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Home :: Archive :: 2005 :: February ::
Noble Shylock
The Shakespeare Conference: SHK 16.0359  Tuesday, 22 February 2005

From:           David Basch <
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Date:           Monday, 21 Feb 2005 13:25:30 -0500
Subject: 16.0344 Noble Shylock
Comment:        Re: SHK 16.0344 Noble Shylock

I have seen three of four dramatizations of the Merchant of Venice and
each fills in the director's view of what happens between when Shylock
says, "Most learned judge! A sentence! Come, prepare!" and Portia's
statement, "Tarry a little; there is something else." In one version,
Shylock is shown willfully and disrespectfully shoving a crucifix on
Antonio's neck aside, a real fanciful event since Shylock is a lone man
among mighty Christians. In other versions, Shylock raises his knife
menacingly on high for dramatic affect.

If, as I think is really evident from the character of Shylock depicted
in the text, Shylock is only trying to throw a scare into Antonio to get
him to beg mercy from the Jew he despises, then Portia has interrupted
that ploy, leaving Shylock completely exposed. I would note also the
vituperations of Antonio who hurls infuriating insult after insult on
Shylock's head and is in effect begging Shylock to strike. It takes a
noble Shylock to forebear against such provocation and hardly shows a
conciliatory Antonio with any touch of the merciful.

Remember also, that Shylock had given Antonio a free loan and had tried
to win his love. This appears suspicious to readers as it does to
Bassanio, but not to Antonio since, as I have noted before, Antonio is a
former Jew and, in accordance with Jewish Talmudic law, he too is
entitled to receive a free loan. The only thing that seems odd is the
penalty for default that is to be taken "from his fair flesh." But even
this is a Jewish in-joke since the phrase "from his flesh" is a Talmudic
formula for half payment to be given to the owner of the ox that was
gored, taken "from [the sale of] the flesh" of the ox that gored.

What astounds me is how so many readers of Shakespeare think that this
penalty is proof of Shylock's diabolical plan to get Antonio "on the
hip," only believable since the worst is believed of even the most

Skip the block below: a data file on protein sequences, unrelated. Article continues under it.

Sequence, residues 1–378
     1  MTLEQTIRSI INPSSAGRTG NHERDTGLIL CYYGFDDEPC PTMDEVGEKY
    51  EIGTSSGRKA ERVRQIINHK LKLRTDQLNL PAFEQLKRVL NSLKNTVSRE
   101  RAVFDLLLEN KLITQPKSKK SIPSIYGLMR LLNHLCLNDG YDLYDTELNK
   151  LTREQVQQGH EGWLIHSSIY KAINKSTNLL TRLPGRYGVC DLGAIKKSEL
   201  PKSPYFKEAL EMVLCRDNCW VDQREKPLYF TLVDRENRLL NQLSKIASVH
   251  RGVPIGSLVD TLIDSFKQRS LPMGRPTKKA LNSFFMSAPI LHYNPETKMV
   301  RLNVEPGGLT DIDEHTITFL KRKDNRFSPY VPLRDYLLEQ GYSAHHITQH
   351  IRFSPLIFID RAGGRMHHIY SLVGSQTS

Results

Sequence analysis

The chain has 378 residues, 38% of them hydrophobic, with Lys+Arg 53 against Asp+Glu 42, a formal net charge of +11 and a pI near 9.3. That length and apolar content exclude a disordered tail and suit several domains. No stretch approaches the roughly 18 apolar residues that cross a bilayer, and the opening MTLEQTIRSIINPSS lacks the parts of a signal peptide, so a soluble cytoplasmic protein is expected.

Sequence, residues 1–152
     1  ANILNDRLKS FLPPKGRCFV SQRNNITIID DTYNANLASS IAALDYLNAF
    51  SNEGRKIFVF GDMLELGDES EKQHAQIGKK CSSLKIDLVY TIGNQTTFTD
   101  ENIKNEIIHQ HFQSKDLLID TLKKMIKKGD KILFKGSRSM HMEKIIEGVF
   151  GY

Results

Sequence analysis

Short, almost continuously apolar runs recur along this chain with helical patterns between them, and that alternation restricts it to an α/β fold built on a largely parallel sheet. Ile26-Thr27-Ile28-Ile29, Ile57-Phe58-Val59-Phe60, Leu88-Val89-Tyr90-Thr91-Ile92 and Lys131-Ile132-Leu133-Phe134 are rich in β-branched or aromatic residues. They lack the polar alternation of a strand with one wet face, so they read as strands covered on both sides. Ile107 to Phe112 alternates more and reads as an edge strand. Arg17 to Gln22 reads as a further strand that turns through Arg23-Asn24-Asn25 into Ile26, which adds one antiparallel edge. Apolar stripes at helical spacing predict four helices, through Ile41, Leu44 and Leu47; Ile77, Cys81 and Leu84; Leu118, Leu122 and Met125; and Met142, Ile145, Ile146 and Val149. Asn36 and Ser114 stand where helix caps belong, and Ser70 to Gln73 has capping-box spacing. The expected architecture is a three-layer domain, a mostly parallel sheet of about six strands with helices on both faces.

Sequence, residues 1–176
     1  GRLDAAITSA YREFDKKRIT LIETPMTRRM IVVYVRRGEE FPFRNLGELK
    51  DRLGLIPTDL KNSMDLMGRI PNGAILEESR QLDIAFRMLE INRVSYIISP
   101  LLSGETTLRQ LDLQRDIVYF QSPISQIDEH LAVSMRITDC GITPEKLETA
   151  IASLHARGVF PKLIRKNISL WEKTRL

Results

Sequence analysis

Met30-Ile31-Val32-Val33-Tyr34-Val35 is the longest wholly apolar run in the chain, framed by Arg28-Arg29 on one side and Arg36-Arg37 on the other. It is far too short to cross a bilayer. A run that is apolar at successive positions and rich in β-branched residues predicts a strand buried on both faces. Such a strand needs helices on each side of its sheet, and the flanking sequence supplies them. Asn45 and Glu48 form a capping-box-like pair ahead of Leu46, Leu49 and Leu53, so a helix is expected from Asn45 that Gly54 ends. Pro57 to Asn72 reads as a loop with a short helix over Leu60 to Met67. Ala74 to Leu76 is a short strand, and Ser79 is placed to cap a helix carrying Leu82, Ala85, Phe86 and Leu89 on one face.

cultivated Jew, as Shylock is, who is nothing more than today's
respectable banker.  So when the hidden meaning behind the relation of
Shylock and Antonio is brought out, it can hardly be believed, even when
it would have required Shylock to command the stormy seas to bring about
the loss of Antonio's argosies and have his young daughter run away with
a man of another faith to give him the motive that makes him want to
exercise the default penalty that was crafted as a jest under far
different circumstances. It seems altogether evident that Shylock could
not have had such a plan from the first since his actions are a response
to later events, unforeseen. But that seems hard for many to accept
since they are wedded to their interpretation of a diabolical Jewish
bank president chasing after Christian flesh.

It is to be noted also that Shylock makes a plea for the good treatment
of slaves, holding up to slave owners the fact that none would give up
their beds for a slave. Incidentally, Talmudic law requires a slave
owner to give his slave the slave owner's bed if there is only one bed
in the house and this Talmudic law observes that he who purchases
himself a slave has purchased himself a master since, by law, the slave
was entitled to humane and dignified treatment.

As long as scholars and readers will not confront the details of
Shakespeare's text and see in it the signs that Shylock is addressing
and referring to Antonio as a former Jew, then the true meaning of the
lines and action cannot be apprehended. When you realize that Antonio is
a former Jew, Shylock's words, "I hate him for he is a Christian," comes
into true focus.  Shylock hates Antonio for being a Jew that became a
Christian, but, then, apparently recognizing the Talmudic law that even
such a converted Jew is entitled to a free loan from a brother Jew,
Shylock he tries to win his love and give him the free loan to which he
is entitled.

When these aspects of the text and the meaning behind it are confronted
we have a play with a different meaning than the old-time morality play
expected, a modern play which explores the merciless hypocrisy of the
powers that be toward the powerless alien in their midst, themselves
strutting about in their belief of their own justice and compassion even
while they rape Shylock of all his wealth for the "crime" of his
unwisdom in daring to confront a Christian in a court that was hardly
neutral since Judge Portia was an involved person in the case.

That there is a noble Shylock in the play is why you have occasional
scholars like Harold Goddard who long ago saw in Shylock "a grain of
spiritual gold."

To give Shakespeare his due and likewise his character Shylock, a more
careful and nuanced reading of the play is required rather than that of
the Gratiano character that voices naked, anti-Jewish sentiments in the
play. It is then that the nobility of Shylock emerges, a man who, though
flawed in his judgment about what to expect from a hostile Venetian
court, feels deeply about family and his duties toward fellow men.

David Basch

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